Romney asks Wisconsin voters to pave path to White House
Republican nominee makes Friday campaign stop in West Allis
2:22 PM, Nov 2, 2012 |
Republican presidential candidate, former Massachusetts Gov. Mitt Romney gestures as he speaks at a campaign event at Wisconsin Products Pavilion at State Fair Park, Friday, Nov. 2, 2012, in West Allis, Wis. (AP Photo/David Goldman) / AP
WEST ALLIS — Trailing narrowly in most state polls, Republican nominee Mitt Romney asked supporters Friday to get the turnout he needs to carry Wisconsin and secure a path to the White House.
“The door to a brighter future is there, open, waiting for us,” Romney said to supporters who packed Products Pavilion at the State Fair Park in West Allis. “I need your vote, I need your help.
“Knock on those doors, get your friends to vote.”
With the election four days away, Romney made his pitch in what’s become one of the most important battleground states in the election.
The Romney campaign billed the West Allis trip as a “closing argument” speech. But with the presidential race in its final days, the election is less about winning people over and more about getting out the vote.
“There is not much time left for argument,” said Arnold Shober, an associate professor of government at Lawrence University in Appleton. “People who make up their minds have made them up. Undecided voters are dwindling, quite frankly. It’s about getting your supporters out to the polls.”
Romney did more in Wisconsin than ask people to get out the vote. He also drew distinctions between himself and President Barack Obama.
He said the economy and jobs situations will still be stagnant in January.
“(But) I won’t waste any time complaining about my predecessor,” Romney said. “I won’t spend my effort trying to pass partisan legislation that’s unrelated to economic growth. From Day One, I’ll go to work to help Americans get back to work.”
Romney said if Obama is re-elected, he’ll be unable to work with Congress.
“When I am elected, I’ll work with Republicans and Democrats in Congress,” Romney said. “I’ll meet regularly with their leaders. I’ll endeavor to find those good men and women on both sides of the aisle that care more about the country than about the politics.
“And together, we will put the nation on track to a balanced budget, to reform our tax code, and to finally reaffirm our commitment to financial responsibility.”
Romney said gasoline costs twice today than it did when Obama took office.
“When I am elected, we will change course on energy,” he said. “I know just how much energy means to middle-class income families across the country. We can help hold down prices at the pump and grow new energy jobs and manufacturing jobs.”
Romney had planned to visit Wisconsin on Monday but he, and Obama, put campaigns on hold while Hurricane Sandy battered the East Coast. Obama canceled a Tuesday event in Green Bay.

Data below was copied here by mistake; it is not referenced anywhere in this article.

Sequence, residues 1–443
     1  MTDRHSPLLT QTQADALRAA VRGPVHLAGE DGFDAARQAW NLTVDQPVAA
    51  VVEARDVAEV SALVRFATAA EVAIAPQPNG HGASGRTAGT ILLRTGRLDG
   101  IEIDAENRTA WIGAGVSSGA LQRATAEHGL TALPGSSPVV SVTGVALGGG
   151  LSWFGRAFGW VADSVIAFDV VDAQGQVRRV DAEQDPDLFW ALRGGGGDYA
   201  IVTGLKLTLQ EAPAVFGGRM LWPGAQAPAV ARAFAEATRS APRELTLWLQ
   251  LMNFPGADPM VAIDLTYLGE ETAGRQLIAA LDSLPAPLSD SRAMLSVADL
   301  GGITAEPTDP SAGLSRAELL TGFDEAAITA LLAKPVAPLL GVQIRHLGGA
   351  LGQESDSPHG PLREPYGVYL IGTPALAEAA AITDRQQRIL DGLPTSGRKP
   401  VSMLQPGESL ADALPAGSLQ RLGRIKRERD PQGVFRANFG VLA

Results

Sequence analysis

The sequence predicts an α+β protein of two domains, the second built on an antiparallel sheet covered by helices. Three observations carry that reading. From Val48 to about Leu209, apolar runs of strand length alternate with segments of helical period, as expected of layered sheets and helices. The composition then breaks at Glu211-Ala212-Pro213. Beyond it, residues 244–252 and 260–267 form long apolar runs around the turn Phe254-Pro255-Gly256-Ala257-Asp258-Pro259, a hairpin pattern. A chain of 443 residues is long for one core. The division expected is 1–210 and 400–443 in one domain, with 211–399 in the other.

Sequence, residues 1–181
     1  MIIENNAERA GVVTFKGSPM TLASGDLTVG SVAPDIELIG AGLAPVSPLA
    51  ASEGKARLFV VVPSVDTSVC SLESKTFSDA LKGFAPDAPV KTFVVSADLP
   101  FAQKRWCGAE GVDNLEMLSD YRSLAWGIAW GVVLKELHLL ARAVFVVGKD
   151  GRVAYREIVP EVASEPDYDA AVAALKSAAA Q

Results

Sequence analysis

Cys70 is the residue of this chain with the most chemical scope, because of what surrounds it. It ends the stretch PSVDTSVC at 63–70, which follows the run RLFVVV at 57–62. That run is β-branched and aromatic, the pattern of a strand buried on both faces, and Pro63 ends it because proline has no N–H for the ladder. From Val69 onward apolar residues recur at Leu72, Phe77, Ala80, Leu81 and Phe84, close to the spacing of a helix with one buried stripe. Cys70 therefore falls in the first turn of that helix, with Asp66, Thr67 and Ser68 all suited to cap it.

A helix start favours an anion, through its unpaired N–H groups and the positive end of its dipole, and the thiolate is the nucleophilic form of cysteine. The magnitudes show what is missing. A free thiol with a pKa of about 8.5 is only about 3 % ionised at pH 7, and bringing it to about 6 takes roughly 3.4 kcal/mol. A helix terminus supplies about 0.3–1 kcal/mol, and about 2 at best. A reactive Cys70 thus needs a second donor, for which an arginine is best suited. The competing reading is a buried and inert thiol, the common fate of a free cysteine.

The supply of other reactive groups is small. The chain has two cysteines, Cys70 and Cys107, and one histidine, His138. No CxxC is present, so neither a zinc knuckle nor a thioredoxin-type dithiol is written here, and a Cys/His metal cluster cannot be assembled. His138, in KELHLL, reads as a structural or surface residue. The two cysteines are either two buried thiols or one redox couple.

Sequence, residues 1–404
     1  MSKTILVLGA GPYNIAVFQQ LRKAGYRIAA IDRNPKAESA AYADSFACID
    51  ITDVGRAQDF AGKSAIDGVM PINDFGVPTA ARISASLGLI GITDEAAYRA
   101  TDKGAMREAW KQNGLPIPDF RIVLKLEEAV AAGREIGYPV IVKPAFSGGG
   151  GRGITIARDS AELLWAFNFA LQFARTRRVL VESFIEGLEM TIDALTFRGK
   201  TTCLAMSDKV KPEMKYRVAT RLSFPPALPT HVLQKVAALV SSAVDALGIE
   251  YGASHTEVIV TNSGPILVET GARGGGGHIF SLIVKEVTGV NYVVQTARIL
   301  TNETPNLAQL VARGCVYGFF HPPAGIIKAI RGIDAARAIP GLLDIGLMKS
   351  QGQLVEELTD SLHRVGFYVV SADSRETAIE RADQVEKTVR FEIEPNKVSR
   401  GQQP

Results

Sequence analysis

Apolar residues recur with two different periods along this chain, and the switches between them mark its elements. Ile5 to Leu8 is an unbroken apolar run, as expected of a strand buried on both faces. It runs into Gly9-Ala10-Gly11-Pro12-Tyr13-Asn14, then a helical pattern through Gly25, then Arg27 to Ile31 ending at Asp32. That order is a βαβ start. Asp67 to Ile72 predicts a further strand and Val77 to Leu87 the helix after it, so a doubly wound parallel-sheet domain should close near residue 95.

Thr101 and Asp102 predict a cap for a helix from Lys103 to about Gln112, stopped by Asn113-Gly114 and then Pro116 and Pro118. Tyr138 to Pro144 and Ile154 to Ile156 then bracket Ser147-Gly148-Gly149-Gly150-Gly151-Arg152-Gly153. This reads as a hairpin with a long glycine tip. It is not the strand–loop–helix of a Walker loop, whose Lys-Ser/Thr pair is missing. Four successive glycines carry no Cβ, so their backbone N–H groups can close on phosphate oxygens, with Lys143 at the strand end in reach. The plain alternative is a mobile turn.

For both candidates, the trips were worth rescheduling. Obama moved his Green Bay stop to Thursday and plans to follow up with visits to Milwaukee on Saturday and Madison on Monday.
Romney’s appearance in West Allis was his first in the state since Aug. 12, when he appeared with Paul Ryan of Janesville — the day after he announced the Republican congressman would be his running mate.
But Ryan has been an active front-man for the campaign in Wisconsin, appearing all over the state in recent weeks and holding public events and fundraisers.
“Neither side is resting in Wisconsin,” said Shober. “They are coming here again and again and again.”
Republican U.S. Senate candidate Tommy Thompson said people have questioned the enthusiasm of voters in Wisconsin.
“All they have to do is just inhale the air here and they know we are on the track to win Wisconsin,” he said.
When state Sen. Alberta Darling, R-River Hills, asked the West Allis crowd who had voted early, a sea of hands shot up.
Romney’s message connected with the supporters who came to see him in West Allis. They chanted “four more days.”
“I’ve always supported him, even in the primaries,” said Rose Kolbeck of Mequon. “This country really needs a shot in the arm right now. Governor Romney has the whole package to bring it together with his business experience.”
Lorraine Schmidt of Brookfield has been volunteering in a Romney campaign office, working the phones nearly every day.
“I think the momentum is coming our way,” Schmidt said. “We’ve been calling and trying to get them to vote early. It’s surprising how many people are doing it now.”
Schmidt thinks there will be a large turnout for Romney on election day.
Richard Hays of Milwaukee said he voted for Romney and Ryan last week.
“I have no regrets for doing that,” Hays said. “I want to see these two gentleman elected president and vice president.”
U.S. Sen. Ron Johnson, a Republican from Oshkosh, reminded the crowd in West Allis that 535 votes decided the Florida election.
“I truly believe that this election will be decided right here in Wisconsin, right here in Milwaukee County, right here in Milwaukee,” he said.
Romney is behind in most Wisconsin polls.
A Rasmussen Reports on Thursday had Obama and Romney tied at 49 percent. But most other polls show Obama in the lead. A Wisconsin Public Radio/St. Norbert Poll released Thursday showed Obama 9 points ahead and a Marquette University Law School Poll released Wednesday showed Obama with an eight-point lead.
Shober said a Wisconsin win is critical to Romney, because if can win here and in one or two other states, he can take the Electoral College without Ohio, where most polls show Obama leading.
“But if he loses Ohio and Wisconsin, it’s pretty much impossible,” Shober said.
After Wisconsin’s event, Romney planned to travel to West Chester, Ohio, for a rally with Ryan.